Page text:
Monday, August 25, 2008
Not long after, Fred Lynn knocked in Yaz with a single to left. Hobson flew out to right for the second out and with runners on first and second, George Scott came to the plate. I knew Scott was a big part of the '67 team (something I used to help write off my growing confusion about why I knew the names of so many of the players on a team that supposedly played a good 15 years before I started watching baseball); I'd learned more about him after digging up his card from a box of baseball cards I'd gotten from my grandfather. 'Boomer,' I thought. 'Right-handed power-hitter in the classic slugger mold. Let's see what he can do.'
Not much, as it turns out. Watching Boomer swing was a bit like watching someone built like David Ortiz swing like Dustin Pedroia: monster cuts with a backswing so fierce it spun him out of the batters box, with none of Pedroia's twitch to help him catch up to the ball. Gossage nailed him to the wall in three pitches and the game cut to commercial.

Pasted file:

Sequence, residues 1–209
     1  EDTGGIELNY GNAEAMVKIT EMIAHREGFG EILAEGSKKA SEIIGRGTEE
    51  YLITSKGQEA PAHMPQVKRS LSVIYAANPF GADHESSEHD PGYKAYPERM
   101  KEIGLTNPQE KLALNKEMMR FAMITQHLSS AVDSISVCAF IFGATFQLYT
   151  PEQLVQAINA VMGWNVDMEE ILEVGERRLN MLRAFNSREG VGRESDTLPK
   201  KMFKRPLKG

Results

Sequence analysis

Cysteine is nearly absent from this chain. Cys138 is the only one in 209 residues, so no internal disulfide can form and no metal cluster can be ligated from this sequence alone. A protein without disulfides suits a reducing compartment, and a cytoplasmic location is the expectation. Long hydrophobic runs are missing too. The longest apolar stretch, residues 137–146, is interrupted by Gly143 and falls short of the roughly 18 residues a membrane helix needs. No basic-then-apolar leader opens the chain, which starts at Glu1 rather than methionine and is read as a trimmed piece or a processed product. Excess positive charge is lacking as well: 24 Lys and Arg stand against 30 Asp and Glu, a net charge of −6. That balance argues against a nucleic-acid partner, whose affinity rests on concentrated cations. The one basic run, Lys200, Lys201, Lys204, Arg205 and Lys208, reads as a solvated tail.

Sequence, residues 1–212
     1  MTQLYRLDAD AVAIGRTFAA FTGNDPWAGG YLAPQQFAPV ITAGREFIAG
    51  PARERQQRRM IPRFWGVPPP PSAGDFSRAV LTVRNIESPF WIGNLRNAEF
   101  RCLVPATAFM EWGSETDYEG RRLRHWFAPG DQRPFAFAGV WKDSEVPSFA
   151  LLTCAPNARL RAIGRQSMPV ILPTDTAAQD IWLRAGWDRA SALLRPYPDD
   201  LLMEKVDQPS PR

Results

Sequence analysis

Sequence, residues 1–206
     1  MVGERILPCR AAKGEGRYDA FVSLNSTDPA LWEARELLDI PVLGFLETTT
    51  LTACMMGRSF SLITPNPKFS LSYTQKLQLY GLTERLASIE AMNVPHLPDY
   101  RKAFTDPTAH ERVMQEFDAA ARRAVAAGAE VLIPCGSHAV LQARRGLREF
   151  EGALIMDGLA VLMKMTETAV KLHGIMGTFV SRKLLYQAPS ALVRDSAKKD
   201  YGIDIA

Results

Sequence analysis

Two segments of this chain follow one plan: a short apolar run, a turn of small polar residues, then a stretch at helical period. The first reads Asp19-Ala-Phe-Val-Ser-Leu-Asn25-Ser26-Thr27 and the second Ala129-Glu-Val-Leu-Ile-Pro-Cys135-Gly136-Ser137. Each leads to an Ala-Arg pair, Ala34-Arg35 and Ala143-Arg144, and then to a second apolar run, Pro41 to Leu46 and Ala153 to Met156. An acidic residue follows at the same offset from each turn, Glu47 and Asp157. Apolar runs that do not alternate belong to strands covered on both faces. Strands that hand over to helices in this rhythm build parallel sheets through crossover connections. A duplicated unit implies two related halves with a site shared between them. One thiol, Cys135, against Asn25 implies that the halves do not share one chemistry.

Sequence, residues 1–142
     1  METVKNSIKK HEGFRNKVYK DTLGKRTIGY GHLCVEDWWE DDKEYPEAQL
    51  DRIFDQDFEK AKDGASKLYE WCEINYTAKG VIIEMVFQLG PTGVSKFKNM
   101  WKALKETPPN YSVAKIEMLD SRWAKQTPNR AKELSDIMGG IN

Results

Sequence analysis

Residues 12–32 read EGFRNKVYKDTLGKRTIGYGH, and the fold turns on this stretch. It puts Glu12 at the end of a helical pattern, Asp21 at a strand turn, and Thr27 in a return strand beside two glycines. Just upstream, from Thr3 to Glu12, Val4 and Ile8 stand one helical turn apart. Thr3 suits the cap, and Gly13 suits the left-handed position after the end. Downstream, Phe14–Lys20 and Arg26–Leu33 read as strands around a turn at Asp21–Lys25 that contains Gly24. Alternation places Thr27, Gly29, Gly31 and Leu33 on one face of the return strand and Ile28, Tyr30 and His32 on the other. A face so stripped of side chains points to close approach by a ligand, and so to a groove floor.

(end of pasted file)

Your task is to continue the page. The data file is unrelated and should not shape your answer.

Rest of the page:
YES skipped the top of the ninth; the Yankees singled, but couldn't put anything together against Andy Hassler. Rubbing a little forshadowing salt in the wound, one of the commercials was for the replay of Game 7 of the 2003 ALCS; the TV broadcast the Aaron Boone homerun and I suffered a chest spasm. Five years and two championships later and that game still rubs a little raw.
Dwight Evans started out the bottom of the ninth with a flyout to left; Rick Burleson walked. Jerry Remy came to the plate and all of the sudden, the thought that had been lurking in the back of my mind, the realization that - as those of you who followed the Sox in the 70s have no doubt figured out by now - this game didn't take place in 1972. I was pretty sure Jerry Remy wasn't playing in the majors in 1972 and even if he was, he was out in California, not in Boston. Remy singled, Jim Rice came to the plate with the tying run on second, and YES flashed the game date on the screen again. Straining my eyes, I finally saw what had eluded me for the past 15 minutes through the blindness of distance and - perhaps - a willfull decision not to see. The date on the screen was October 2, 1978.